Craft Calls to Action That Convert

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Calls to Action are the essence of business online – ‘click here to learn more’, ‘add to your cart’, ‘donate now’, ‘download here’.  CTAs are found everywhere on the web, yet some are much more successful than others. There are mistakes to be made when asking someone to do something.  With these tips, you can ensure your CTA gets the desired result.

Be Clear and Concise With people so clearly distracted online, there is very little time to get your message across and get the desired response.  You must be clear with what you want a person to do because they aren’t going to take the time to figure it out. When you want someone to do something in live, you use action verbs – go, do, act, etcetera.  The same must be true online. Tell the viewer what you want him or her to do in a simple, straight-forward way.  It should only take two or three words to say exactly what you mean; to give direction.

Be Specific About the Gains to Be Had Why should the person do as you are asking?  What will they gain for having done so?  What sort of incentive are you offering that a competitor can’t provide.  Either as part of the link or in a description to the side, express in no uncertain terms what the person can expect upon clicking and why it is too good to miss out on.

Make it Urgent How often have you walked away from a deal because you figure the same value will be had tomorrow?  How often have you wondered if the sales will be better a week later?  If you want some to do something in the moment, you have to explain why it is an urgent matter. Consider adding the simple word ‘now’.  It’s small, but it’s powerful and gives your call to action a sense of time-sensitivity that it wouldn’t otherwise have.  Of course, there are also terms with even more enticement-factor, such as ‘while supplies last’, ‘first come, first serve,’ or ‘for a limited time only’.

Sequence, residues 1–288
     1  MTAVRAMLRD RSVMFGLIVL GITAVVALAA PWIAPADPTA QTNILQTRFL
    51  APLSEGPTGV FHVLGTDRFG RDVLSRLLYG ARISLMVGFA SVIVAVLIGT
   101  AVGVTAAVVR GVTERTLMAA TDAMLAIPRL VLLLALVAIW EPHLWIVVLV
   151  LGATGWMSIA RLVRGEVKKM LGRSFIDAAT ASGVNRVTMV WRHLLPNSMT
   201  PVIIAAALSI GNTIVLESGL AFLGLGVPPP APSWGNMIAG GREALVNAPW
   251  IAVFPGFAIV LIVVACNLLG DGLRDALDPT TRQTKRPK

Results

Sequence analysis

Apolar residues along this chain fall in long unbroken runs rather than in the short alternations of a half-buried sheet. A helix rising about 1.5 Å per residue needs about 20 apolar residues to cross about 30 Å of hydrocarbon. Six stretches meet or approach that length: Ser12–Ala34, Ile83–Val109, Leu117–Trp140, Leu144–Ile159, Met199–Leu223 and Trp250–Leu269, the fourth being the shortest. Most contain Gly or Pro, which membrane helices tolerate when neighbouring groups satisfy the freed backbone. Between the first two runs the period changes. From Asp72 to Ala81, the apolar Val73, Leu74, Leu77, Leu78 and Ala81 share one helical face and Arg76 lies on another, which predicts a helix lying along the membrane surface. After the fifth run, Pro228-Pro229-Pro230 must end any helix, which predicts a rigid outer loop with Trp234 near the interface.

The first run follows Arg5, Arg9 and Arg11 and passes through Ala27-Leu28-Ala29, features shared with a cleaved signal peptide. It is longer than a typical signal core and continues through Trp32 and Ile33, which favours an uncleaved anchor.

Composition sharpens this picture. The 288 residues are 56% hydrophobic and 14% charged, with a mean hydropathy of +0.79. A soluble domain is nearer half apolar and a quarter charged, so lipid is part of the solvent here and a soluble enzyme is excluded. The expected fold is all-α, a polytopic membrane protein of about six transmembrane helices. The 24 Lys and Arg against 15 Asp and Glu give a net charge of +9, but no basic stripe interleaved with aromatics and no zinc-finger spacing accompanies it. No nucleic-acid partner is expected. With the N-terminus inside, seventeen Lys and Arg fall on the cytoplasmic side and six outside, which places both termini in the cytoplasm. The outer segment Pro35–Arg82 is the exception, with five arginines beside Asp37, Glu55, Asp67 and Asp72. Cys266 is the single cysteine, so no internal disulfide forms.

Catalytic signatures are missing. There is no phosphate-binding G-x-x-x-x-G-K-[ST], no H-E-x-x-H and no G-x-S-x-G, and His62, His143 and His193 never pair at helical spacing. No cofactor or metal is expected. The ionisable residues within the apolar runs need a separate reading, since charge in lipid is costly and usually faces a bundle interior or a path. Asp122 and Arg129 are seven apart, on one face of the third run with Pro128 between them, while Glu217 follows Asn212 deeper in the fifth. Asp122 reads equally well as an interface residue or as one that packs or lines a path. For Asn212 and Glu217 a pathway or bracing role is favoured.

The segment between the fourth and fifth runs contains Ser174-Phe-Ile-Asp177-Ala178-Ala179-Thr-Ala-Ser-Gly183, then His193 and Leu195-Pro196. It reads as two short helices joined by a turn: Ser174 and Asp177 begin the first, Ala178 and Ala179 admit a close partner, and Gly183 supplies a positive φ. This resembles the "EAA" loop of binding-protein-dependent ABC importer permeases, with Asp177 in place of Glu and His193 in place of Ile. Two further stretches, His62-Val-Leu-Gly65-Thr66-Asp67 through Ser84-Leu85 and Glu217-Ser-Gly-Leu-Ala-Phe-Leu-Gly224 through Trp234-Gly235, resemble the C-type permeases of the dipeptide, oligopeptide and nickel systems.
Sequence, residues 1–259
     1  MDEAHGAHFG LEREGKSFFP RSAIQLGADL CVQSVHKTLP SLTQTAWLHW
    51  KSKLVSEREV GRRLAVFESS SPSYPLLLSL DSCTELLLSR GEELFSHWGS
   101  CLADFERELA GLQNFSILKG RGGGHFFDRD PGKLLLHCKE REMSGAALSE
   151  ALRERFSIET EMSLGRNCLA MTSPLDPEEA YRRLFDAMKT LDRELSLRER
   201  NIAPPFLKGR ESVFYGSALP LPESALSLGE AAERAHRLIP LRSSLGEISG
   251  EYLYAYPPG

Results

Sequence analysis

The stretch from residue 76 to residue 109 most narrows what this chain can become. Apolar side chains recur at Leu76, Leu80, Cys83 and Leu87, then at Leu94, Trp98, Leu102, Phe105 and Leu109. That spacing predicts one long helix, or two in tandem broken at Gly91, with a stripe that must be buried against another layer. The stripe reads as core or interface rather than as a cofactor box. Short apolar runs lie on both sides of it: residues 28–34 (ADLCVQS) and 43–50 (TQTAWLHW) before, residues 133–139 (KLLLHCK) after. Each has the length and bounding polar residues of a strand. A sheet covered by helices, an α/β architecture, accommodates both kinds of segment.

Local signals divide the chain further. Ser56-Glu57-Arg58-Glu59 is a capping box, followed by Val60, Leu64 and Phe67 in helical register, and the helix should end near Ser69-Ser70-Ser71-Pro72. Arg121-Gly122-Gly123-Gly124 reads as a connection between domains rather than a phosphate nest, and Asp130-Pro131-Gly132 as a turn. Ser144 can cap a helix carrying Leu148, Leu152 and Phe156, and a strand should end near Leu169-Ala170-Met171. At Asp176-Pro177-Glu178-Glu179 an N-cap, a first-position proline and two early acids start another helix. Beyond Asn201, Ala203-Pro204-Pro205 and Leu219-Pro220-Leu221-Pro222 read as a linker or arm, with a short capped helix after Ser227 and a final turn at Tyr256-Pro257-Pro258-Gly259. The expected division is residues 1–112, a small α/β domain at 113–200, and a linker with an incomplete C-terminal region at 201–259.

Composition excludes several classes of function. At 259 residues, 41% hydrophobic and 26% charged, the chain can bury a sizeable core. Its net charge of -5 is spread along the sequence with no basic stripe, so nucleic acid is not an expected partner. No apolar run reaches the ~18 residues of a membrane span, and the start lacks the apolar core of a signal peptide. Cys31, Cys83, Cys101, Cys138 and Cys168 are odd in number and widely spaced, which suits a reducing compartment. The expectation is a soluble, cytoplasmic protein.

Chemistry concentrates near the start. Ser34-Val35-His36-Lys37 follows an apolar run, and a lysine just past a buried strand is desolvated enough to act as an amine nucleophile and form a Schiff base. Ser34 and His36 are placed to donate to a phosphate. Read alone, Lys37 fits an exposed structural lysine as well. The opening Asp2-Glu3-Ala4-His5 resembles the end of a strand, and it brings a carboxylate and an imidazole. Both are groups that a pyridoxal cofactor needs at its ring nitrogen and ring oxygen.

Be Sure it is Seen If the point of the page is to get that person to act, then why would you hide the button or link that lets them do so?  Make it crystal clear by making it large, surrounded by open space, and starkly contrasted to the rest of the material on the page.  Additionally, be sure that people know that they can click on the button, photo or text that is meant to lead them forward.  A three-dimensional image of a button, for instance, is more likely to be clicked than a flat rectangle.

Make your CTA something that makes a person want to act and people will.



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